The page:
Blake Snell: Living Up to the Hype

Ever since being drafted in the first round of the 2011 Major League draft, Blake Snell has often been seen as the future ace of the Rays rotation. With both past & present bearers of the title including David Price, Chris Archer, James Shields and Matt Garza to name just but a few, pressure was always likely going to be high for the young southpaw.

Coming into the 2017 season, there was quiet optimism that Snell would breakout and stamp his mark on the Rays 5 man rotation during a campaign which would hopefully challenge divisional rivals Boston & New York for the AL East crown. Unfortunately not all went to plan for Snell as he struggled with both his pitching mechanics and ability to locate regular good pitches. In his first 8 starts, Snell was unable to work beyond the 6th often battled inflated pitch counts early in games.

Despite showing clear promise and ability in 2017, Snell also demonstrated his big league naiveness and experience when struggling with his command for the early part of the year. After his struggles culminated in a 6 earned run outing with 6 hits and a further 3 walks in an eventual loss at home to the Boston Red Sox. Snell (0-4) was optioned to the Rays AAA affiliate, the Durham Bulls on May 13th. During his time with the Bulls, Snell recognised the Major League deficiencies which were costing him dearly in the show. That said, recognising a problem and fixing a problem are two totally different skills.

One of the main problems with Snell’s mechanics was the inconsistency of his release point, the product of a misaligned torso causing him to throw across his body. The result was a pitch by pitch struggle to locate the strike zone, something which any pitcher regardless of movement, stuff or speed can’t afford to do. The two charts below (courtesy of MLB Savant) really highlight the change in Snell’s pitching motion between 2017 and 2018. It’s clear to see that Snell really struggled to consistently release his pitches from the same spot, regardless of the pitch type. The outcome? A very sporadic pitch map across the strikezone, a key contributor to the 15 home runs he gave up in 2017 in just 129 innings.

In stark contrast, when looking at his 2018 release point chart, its clear to see that despite a relatively small sample size, that Snell’s release point is by far more consistent. A real benefit of this as well as providing Snell with a far more repeatable motion is that, its immediately harder for the opposing hitter to identity what pitch the Rays pitcher is throwing. For example when looking at his 2017 map, any lower, flatter arm action was more than likely to be an off speed change, or a taller, straighter arm was likely to be a curveball. Now look at his 2018 chart, and nearly every type of pitch is being thrown from nigh on the same release point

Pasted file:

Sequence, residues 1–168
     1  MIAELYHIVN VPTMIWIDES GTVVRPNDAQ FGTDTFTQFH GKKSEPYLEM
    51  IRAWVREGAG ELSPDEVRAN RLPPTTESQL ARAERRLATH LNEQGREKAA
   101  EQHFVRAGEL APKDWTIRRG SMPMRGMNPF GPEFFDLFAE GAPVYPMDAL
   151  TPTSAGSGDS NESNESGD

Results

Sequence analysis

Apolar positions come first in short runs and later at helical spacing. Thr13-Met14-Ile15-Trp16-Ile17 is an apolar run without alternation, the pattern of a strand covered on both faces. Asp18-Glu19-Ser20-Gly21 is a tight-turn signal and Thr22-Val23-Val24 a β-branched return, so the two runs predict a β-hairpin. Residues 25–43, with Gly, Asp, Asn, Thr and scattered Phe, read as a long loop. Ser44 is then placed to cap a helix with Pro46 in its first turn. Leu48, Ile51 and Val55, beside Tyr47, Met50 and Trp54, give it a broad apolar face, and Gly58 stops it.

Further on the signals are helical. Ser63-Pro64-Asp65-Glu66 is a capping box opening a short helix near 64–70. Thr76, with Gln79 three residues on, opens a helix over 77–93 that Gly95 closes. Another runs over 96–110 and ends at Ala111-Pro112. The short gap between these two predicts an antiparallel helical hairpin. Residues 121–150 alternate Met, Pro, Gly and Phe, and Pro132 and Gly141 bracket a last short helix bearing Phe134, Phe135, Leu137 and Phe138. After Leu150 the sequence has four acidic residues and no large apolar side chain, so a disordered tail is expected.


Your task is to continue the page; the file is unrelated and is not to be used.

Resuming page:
Further evidence of Snell’s altered release point is brilliantly demonstrated with his slider, a pitch responsible for a strikeout 14% of the time he throws it in 2018 (As of April 21st). In the first example, Snell is throwing a 1-2 slider to Yadier Molina. Snell is unable to stand up strong, thus sending his torso towards the thirdbase line. This in turn causes his arm to deliver the pitch from a far flatter, wider release point, making it increasingly harder to locate a good pitch.

In contrast, we see Snell pitching out of the stretch to Xander Boagerts in the Rays opening series. Snell is now able to stand up strong, plant his front leg and maintain a higher release point on his pitch. Notice the difference in the flex of his left knee. In 2017 Snell’s left knee is almost touching the dirt on the mound.

Despite having evidently improved his pitching mechanics, Snell’s development has come in multiple facets of his game. Something noticed by a follower of mine (@CallumCockerill) when I posed the question to Rays fan’s on twitter was the fact Blake has become less reliant on his fastball to get back into counts.

When looking at Snell’s pitch maps when behind in the count, its quite telling to see Snell’s desire to a) throw a fastball for a strike b) throw a fastball. Instead of throwing get me over fastballs over the heart of the plate in 2017, Snell is now able to locate his pitch on the corner of the plate when he opts for a fastball. Additionally, should Snell not opt for the heater, which is becoming increasingly common, the ability to not only get back into counts, but also strikeout hitters.


In 2018, Snell’s K/9 have risen from 8.3 to 11.00, something which is the product of him reducing his balls in play percentage from 27.2% to 21%. It remains to be seen whether Snell will live up to his top prospect billing, however he has undoubtedly improved 10 fold and provided Rays fans with a very exciting glimpse for the future.

Keep up the good work Blake.

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